On March 24, 2017, the U.S. Court of Appeals for the Seventh Circuit ruled that the family of a woman murdered by her Home Depot supervisor at a family event could proceed against her former employer(s) on a theory of negligent supervision, hiring, and retention. In so holding, the Seventh Circuit adopted a broad and novel view of employers’ duty to control managers who engage in criminal activity off the employer’s premises and outside the scope of their employment by abusing their supervisory authority.
The supervisor in Anicich v. Home Depot U.S.A., Inc., No. 16-1693, 2017 WL 1101090 (7th Cir. Mar. 24, 2017), Brian Cooper, was a regional manager for Home Depot with an alleged history of engaging in public outbursts, verbal abuse, and fixating on younger female subordinates. The complaint states that Cooper targeted the victim, a 21-year-old female employee, for an extended period of time by:
• Referring to her as his “girlfriend” at work, and yelling and cursing at her in front of customers
• Calling and texting her outside of work time, pretending that he needed to discuss a work issue in order to get her attention, and then pressuring her into spending time with him alone
• Denying her breaks if she intended to spend time with a man
• Insisting she come with him on business trips, including once requiring that they share a hotel room
• Throwing an object on at least one occasion
Cooper was convicted of strangling and raping the victim at an out-of-state family wedding, which Cooper allegedly forced the victim to attend by threatening to fire her or cut her hours. The complaint alleges that the victim had complained about Cooper and that Cooper was ordered to take anger management classes, but that the store did not ensure he completed those classes or remove the victim from his supervision.
The defendants — Home Depot USA, Inc., Grand Service, LLC, and Grand Flower Growers, Inc. (all alleged to have jointly employed Cooper)— moved to dismiss, arguing that they did not owe the victim a duty of care given the circumstances of her death. The U.S. District Court for the Northern District of Illinois agreed, finding that it was not reasonably foreseeable that Cooper’s sexual harassment would rise to the level of physical violence and that in any event, the defendants could not reasonably have guarded against “social activities outside of work that occur off the premises.”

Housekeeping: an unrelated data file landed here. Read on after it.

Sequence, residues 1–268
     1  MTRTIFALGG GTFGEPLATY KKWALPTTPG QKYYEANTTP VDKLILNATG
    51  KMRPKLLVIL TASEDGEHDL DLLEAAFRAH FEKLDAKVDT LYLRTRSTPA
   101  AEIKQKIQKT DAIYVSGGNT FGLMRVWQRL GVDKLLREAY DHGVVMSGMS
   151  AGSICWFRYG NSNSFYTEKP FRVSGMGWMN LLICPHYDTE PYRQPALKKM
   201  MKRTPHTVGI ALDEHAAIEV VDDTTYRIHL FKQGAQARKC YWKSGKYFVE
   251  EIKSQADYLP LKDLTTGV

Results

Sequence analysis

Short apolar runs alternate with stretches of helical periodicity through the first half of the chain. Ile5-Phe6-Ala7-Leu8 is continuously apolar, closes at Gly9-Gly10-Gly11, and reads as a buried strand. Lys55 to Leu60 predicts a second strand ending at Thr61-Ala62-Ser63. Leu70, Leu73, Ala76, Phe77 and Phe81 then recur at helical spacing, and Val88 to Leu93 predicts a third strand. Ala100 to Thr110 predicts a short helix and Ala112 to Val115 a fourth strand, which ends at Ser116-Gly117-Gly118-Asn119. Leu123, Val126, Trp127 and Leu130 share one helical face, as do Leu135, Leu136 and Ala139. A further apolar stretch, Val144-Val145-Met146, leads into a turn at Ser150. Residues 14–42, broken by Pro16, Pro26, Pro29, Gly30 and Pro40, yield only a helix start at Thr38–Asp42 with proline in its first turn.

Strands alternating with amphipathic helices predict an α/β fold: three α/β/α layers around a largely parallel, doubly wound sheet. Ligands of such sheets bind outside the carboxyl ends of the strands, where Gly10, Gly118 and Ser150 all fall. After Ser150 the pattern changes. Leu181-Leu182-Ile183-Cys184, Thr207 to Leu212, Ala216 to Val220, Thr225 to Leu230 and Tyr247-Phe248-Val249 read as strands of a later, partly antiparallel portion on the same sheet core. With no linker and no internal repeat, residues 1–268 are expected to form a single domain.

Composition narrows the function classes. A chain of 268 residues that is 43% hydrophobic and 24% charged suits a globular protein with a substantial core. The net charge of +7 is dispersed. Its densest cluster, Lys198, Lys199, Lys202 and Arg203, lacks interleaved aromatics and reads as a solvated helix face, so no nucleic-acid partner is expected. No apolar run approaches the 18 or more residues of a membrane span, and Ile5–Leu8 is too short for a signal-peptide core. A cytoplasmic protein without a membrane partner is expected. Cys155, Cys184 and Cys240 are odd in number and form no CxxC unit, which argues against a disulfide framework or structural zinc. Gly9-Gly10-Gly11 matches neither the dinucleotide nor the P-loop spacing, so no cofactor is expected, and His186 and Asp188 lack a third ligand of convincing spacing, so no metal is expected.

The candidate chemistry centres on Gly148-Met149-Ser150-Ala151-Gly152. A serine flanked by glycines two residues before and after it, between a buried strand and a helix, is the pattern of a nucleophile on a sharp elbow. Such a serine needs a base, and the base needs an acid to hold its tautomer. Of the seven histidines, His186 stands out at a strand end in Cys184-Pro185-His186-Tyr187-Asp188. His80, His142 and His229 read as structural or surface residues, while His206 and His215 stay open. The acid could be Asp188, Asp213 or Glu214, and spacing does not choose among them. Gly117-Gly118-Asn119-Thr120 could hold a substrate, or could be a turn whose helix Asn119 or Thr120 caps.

The Seventh Circuit reversed. Relying on principles from the Restatements (Second) of Torts and Agency, and Title VII of the Civil Rights Act of 1964, the court held that Illinois’s negligent hiring, supervision, and retention law was broad enough to allow Cooper’s employer to be held liable for his actions. While noting a duty of care typically is not imposed on employers to control employees who act off-site, unaided by the employer’s chattel (possessions), and outside the scope of their employment, the court pointed out that Cooper allegedly forced the victim to attend a family wedding with him by threatening to affect her terms and conditions of employment; specifically, firing her or cutting her hours. The court held this abuse of Cooper’s supervisory authority was reasonably analogous to using his employer’s “chattel” to commit the murder, allowing for liability under a negligent retention theory. The court also relied heavily on agency and sexual harassment liability principles to remark that the law has “shifted” towards holding employers vicariously liable for intentional torts committed outside the scope of employment but through the abuse of supervisory authority, citing the U.S. Supreme Court’s decision in Burlington Industries, Inc. v. Ellerth, 524 U.S. 742 (1998).
The court also held that the lack of previous threats or physical violence from Cooper towards the victim did not make it unforeseeable that Cooper’s escalating verbal abuse towards the victim could take the “small further step to violence.”